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Murder Case Timeline: The Jennifer Laude 2014 Slay

We revisit the events that led up to the conviction of former US Marine Lance Corporal Joseph Scott Pemberton.

On Tuesday, September 1, the Olongapo City Regional Trial Court Branch 74 ordered the early release of former United States Marine Lance Corporal Joseph Scott Pemberton.

Pemberton was charged with homicide for the killing of transgender woman Jennifer Laude in Subic back in 2014. Judge Roline Ginez-Jabalde ordered the release of the convicted former US Marine based on the good conduct time allowance (GCTA) credited.

Before the hearing, Pemberton had served 2,142 days—equivalent to five years and eight months—in prison, but over 1,500 days (more than four years) from GCTA were credited to him. These numbers add up to 10 years, one month, and 10 days—which has already exceeded the maximum 10-year sentence for his case. (Read: Caritas PH Demands Truth And Justice Amid Philhealth Corruption Mess)

Many LGBTQIA+ groups, and even presidential spokesperson Harry Roque, decried the decision, with the spokesperson saying that Laude’s death was the “death of Philippine sovereignty.”

jennifer-laude-case
Activists participate in a protest to seek justice for a Filipina transgender Jennifer Laude outside a justice hall where a preliminary investigation was held at the Philippine city of Olongapo, north of Manila, on Oct. 27, 2014. (Photo from Lorgina Minguito / Reuters / Time Magazine)

To take you on a refresher on what had transpired that day in 2014, My Pope lists the timeline of events that led up to the gruesome killing of Jennifer Laude. (Read: Three instances Pope Francis demonstrated his openness to change)

October 11, 2014

  • Laude and her friend Barbie Gelviro met Pemberton at Ambyanz Disco Bar in Olongapo City. Eventually, they leave for Celzon Lodge, a motel just across the bar, and check-in.
  • They were given access to room number 1, and all three of them entered together. After a while, Gelviro left the room, leaving Laude and Pemberton alone.
  • After about 30 minutes, Pemberton leaves the room as well, leaving the door slightly open. The motel staff enter the room after 15 minutes, finding Laude naked in the bathroom, wrapped in a blanket and face down on the toilet.

October 15, 2014

  • Laude’s sister, Malou, files murder charges against Pemberton.

October 17, 2014

  • The Philippine National Police (PNP) and the Regional Crime Laboratory Office confirm that Laude’s death was due to asphyxia.
  • The Department of Foreign Affairs (DFA) subpoenas Pemberton who was said to have still been staying at the USS Peleliu, docked at the Subic Bay Port.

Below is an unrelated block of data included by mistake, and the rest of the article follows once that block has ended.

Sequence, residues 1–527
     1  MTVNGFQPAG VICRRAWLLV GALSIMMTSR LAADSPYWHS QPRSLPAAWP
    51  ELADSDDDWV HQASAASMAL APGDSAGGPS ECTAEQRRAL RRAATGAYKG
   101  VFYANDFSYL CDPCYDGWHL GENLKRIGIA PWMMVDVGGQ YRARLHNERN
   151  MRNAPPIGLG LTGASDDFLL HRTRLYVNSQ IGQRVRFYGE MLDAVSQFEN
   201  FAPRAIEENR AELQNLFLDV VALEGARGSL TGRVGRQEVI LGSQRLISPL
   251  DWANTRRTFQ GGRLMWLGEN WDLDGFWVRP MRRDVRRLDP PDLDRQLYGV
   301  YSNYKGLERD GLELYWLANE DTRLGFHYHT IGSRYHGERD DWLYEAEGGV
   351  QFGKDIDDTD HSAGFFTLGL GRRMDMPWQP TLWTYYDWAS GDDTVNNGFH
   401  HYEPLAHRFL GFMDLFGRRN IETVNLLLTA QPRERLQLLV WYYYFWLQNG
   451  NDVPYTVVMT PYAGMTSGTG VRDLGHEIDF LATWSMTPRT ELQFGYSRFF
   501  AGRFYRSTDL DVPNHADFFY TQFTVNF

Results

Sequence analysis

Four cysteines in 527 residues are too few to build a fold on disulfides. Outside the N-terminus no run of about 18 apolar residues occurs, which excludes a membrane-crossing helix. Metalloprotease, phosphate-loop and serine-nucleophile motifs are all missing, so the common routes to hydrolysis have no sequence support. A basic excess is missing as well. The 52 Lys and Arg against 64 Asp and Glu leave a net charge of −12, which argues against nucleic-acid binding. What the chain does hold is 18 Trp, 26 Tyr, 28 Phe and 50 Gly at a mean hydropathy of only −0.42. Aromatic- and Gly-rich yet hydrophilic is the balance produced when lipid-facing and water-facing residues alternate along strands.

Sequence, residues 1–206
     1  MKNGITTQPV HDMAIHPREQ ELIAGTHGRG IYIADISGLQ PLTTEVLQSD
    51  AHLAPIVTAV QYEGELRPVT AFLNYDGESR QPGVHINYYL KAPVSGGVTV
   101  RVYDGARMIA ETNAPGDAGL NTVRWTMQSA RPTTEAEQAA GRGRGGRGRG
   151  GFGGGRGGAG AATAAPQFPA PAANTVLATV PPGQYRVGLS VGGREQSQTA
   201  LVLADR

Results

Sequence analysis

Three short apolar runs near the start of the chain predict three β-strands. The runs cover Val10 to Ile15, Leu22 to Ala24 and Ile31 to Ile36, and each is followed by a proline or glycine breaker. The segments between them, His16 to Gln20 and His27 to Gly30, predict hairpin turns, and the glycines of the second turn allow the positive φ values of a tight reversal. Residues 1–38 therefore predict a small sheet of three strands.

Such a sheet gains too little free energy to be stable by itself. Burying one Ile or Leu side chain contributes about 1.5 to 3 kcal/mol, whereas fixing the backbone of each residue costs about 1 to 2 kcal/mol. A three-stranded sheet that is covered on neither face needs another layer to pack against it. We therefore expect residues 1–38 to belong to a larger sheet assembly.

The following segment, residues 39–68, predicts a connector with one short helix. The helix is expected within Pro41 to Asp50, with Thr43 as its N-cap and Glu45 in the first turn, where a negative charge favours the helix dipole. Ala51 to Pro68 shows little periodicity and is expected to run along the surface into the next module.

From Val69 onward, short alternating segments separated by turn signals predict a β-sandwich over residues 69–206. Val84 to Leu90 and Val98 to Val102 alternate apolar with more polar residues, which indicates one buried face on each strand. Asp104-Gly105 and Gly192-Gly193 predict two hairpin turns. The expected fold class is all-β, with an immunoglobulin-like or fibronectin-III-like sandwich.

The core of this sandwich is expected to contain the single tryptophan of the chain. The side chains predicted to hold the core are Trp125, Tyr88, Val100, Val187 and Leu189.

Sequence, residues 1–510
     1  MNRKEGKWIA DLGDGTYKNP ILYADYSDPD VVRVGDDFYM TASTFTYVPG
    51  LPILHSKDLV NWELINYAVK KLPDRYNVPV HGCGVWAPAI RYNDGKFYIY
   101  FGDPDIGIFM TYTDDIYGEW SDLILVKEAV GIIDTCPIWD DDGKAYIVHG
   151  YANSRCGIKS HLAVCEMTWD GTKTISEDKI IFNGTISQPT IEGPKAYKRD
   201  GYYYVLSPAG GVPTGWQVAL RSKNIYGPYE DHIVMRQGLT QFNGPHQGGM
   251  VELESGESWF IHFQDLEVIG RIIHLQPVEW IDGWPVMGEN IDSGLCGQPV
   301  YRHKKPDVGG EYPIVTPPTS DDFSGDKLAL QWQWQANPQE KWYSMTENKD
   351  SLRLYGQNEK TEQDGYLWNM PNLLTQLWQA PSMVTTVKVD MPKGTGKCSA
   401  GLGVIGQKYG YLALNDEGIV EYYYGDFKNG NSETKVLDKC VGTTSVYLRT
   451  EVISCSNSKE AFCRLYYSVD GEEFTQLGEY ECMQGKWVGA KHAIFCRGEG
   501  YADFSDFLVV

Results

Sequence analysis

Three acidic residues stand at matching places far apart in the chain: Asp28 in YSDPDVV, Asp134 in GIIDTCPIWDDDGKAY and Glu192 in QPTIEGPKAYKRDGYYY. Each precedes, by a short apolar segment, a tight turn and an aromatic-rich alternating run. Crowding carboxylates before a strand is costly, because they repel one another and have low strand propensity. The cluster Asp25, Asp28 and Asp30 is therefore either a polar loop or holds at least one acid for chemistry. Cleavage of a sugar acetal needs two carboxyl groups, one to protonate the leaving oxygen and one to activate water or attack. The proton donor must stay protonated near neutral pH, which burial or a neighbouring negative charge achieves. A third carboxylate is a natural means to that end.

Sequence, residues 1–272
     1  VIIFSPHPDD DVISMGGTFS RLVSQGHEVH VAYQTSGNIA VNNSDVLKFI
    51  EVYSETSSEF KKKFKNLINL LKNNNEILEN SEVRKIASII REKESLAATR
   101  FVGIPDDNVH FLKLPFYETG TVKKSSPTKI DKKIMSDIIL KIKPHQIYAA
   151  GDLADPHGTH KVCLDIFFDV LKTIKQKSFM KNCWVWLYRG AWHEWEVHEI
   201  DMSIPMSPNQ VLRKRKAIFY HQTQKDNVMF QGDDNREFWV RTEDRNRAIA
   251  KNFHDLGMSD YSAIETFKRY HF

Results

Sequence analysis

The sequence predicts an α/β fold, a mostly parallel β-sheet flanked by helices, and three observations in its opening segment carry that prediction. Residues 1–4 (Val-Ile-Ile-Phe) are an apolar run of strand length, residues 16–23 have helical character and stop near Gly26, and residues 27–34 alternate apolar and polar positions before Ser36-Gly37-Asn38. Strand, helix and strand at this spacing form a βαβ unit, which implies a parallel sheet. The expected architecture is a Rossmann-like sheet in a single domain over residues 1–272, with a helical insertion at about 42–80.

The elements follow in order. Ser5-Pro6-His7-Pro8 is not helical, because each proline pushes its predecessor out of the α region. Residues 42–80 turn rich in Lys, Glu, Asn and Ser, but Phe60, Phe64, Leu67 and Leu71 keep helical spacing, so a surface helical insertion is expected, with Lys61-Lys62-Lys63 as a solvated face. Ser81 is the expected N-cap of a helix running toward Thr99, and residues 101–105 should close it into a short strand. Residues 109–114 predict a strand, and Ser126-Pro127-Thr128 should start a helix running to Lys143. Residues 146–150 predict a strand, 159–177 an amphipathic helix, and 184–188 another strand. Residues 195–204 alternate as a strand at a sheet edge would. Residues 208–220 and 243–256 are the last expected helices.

December 15, 2014

  • The Olongapo City Prosecutor’s Office finds probable cause for charging Pemberton with murder. “Presence of treachery, cruelty, and abuse of superior strength” was stated in the findings of the court.
  • Pemberton appeals the charges, but was denied.

February 23, 2015

  • Pemberton goes to court and the court files a not guilty plea on his behalf.

March 16, 2015

  • The trial begins. Since the Visiting Forces Agreement (VFA) was in effect, the court only had one year to complete the trial.

June 30, 2015

  • Pemberton admits he and Laude had a fight, but denies killing her. He says he “acted in self-defense” when he found out that Laude was “a man.”

December 1, 2015

  • The court finds Pemberton guilty of homicide. It was said that it did not meet the standards for murder. Pemberton was sentenced to 6 to 12 years in prison.

January 6, 2016

  • Pemberton’s legal team files a motion for reconsideration, asking the court to reassess the guilty verdict.
  • Another petition—to reduce the sentence—was filed if ever the guilty verdict would remain.

April 3, 2016

  • The motion for reconsideration is denied by the regional trial court (RTC).

April 7, 2016

  • Pemberton files an appeal to the Court of Appeals (CA).

April 10, 2016

  • The CA denies Pemberton’s appeal to reverse the decision. CA says his defense was “more imaginary than real,” and that Pemberton “never thought of Laude as a human being, but as fecal matter due to her sexual orientation.”

April 26, 2017

  • Pemberton files another motion for reconsideration. This was his last chance before he had to already take it to the Supreme Court.

For more information on the Jennifer Laude case, you may visit this link. A film has also been made to recall the story of Jennifer Laude. You may check callherganda.com for more information.

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